The initial clinical evaluation of the patient should include a thorough medical, social, family, and psychiatric history. Medical conditions that may mimic bipolar disorder include neurologic conditions (eg, partial seizures, neoplasm, strokes, dementia, delirium) and endocrine disorders (eg, Cushing disease, hyperthyroidism/hypothyroidism), as well as vitamin deficiencies (B12, folate, niacin, thiamine) and drug and substance use/misuse (alcohol, drugs including antidepressants and stimulants).4 All patients should have a baseline complete physical examination, including neurologic and mental status examinations. Diagnostic tests to assess for potential differential diagnoses and evaluate baseline levels include the following:

  • Basic metabolic panel, including fasting glucose, to evaluate electrolytes and risk for diabetes or Cushing disease, and to assess baseline renal function
  • Thyroid function tests
  • Complete blood count to assess status prior to anticonvulsant treatment (eg, carbamazepine)
  • Pregnancy test if applicable (prior to use of medications)
  • Liver function tests to assess baseline measurements prior to use of medications
  • Electrocardiography in patients older than 40 to establish baseline and assess QTc interval, especially with use of antipsychotics and carbamazepine
  • Urine toxicology screen (to rule out substance abuse).


Psychiatric evaluation should focus on age at onset of symptoms, the presence of hypomanic or manic symptoms, prior response to antidepressants, course of the disease including history and duration of depression or manic/hypomanic episodes, and sleep disturbances (increased during depressive episodes and significantly decreased during manic episodes). It is important to assess for a history of self-harm, suicidal ideation, suicide attempts, hospitalizations, legal issues, multiple career shifts, marriage and relationship issues, and smoking and alcohol/substance misuse. Patients with severe manic or depressive episodes may experience psychotic features such as grandiose or paranoid delusions and hallucinations. A history of symptoms from close family members or friends can assist in the diagnosis of bipolar patients.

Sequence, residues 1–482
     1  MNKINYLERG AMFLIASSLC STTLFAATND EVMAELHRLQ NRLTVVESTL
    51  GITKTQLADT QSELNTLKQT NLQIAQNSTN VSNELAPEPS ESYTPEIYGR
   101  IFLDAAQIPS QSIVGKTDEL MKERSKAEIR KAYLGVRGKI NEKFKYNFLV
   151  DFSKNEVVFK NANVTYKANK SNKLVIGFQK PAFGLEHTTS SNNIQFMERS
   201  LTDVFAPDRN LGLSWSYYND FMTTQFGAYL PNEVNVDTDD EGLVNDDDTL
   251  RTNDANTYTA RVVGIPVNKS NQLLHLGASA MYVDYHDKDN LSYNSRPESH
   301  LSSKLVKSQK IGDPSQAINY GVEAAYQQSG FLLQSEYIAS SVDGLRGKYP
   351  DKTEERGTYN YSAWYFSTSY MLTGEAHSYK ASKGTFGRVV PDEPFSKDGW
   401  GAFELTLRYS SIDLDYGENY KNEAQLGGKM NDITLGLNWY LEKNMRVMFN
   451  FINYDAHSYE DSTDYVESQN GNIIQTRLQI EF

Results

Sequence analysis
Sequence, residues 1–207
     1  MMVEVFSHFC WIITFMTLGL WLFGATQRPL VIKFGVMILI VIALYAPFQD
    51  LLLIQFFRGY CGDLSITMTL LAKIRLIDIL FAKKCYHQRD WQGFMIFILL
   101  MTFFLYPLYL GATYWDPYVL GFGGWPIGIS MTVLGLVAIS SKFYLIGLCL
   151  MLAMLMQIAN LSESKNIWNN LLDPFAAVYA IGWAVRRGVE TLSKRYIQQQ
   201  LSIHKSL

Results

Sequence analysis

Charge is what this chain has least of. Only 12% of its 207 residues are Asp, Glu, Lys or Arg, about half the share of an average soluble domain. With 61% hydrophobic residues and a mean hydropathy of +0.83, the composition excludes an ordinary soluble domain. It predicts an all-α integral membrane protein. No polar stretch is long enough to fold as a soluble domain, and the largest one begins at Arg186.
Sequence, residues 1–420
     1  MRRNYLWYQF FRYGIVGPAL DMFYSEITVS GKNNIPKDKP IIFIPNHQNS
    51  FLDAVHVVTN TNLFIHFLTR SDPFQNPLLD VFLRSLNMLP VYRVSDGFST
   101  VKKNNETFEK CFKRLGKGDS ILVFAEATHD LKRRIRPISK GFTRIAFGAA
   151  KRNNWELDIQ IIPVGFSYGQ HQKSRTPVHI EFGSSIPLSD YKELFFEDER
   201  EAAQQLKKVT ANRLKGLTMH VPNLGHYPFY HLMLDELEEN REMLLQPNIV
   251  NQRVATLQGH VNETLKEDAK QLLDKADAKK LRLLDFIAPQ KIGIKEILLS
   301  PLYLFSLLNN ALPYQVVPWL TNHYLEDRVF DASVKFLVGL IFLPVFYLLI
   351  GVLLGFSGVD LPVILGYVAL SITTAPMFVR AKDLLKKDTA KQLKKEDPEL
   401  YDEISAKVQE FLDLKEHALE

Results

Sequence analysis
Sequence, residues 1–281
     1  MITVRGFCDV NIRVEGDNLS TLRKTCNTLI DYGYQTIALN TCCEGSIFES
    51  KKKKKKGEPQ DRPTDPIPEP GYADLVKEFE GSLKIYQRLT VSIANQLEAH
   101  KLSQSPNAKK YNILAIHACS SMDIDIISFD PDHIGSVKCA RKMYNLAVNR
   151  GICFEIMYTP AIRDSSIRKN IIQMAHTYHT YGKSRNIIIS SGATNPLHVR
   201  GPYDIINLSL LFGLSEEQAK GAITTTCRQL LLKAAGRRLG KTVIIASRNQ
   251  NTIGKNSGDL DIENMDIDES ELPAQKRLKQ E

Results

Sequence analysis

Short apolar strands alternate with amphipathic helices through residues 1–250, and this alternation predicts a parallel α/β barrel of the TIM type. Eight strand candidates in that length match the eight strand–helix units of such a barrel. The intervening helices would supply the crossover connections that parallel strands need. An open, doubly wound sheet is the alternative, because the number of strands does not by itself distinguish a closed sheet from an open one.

The use of DSM-5 criteria, as summarized earlier, improves the accuracy of bipolar diagnosis.3 In addition, validated tools are available to help clinicians screen for bipolar disorder, although it is important to remember that a positive screening result is not sufficient to establish a bipolar disorder diagnosis. A widely used instrument that has been validated for screening for bipolar disorder is the MDQ (available at www.dbsalliance.org/pdfs/MDQ.pdf). This self-report questionnaire consists of 15 questions that assess hypomanic or manic symptoms and functional impairment. The first 13 questions of the MDQ screen for a lifetime history of DSM-based hypomanic or manic symptoms. The last two questions ask whether these symptoms occurred at the same time and whether they caused dysfunction in various domains, such as work and family life. The MDQ is considered positive if a patient endorses at least seven of the symptom items, indicates that symptoms have occurred at the same time, and rates their dysfunction in life domains as “moderate” or “serious.” As a screening tool, the MDQ has a reported sensitivity of 73% and a specificity of 90% for bipolar disorder.11 This questionnaire can and should be used by primary care providers to help determine if their patient is at risk and requires a comprehensive evaluation for bipolar disorder.

Notably, even after a clinician has properly diagnosed bipolar disorder, patients and family members are often reluctant to commence treatment due to the stigma associated with mental health disorders.18 To help offset the effects of stigma, patients should be referred for psychologic counseling, including family counseling.


Management of bipolar disorder in the primary care setting includes psychiatric and psychologic counseling referrals. Primary care providers must know the medications used to treat bipolar disorder and their related adverse effects, toxicities, warnings, and drug interactions, as they may treat bipolar patients for other medical conditions. Early diagnosis and treatment/referral can improve prognosis and reduce the risk for relapse and subsequent disability.19 Inpatient management is generally recommended for severe manic episodes, psychotic episodes, patients who present a danger to themselves or others, and patients with suicidal or homicidal ideations/actions.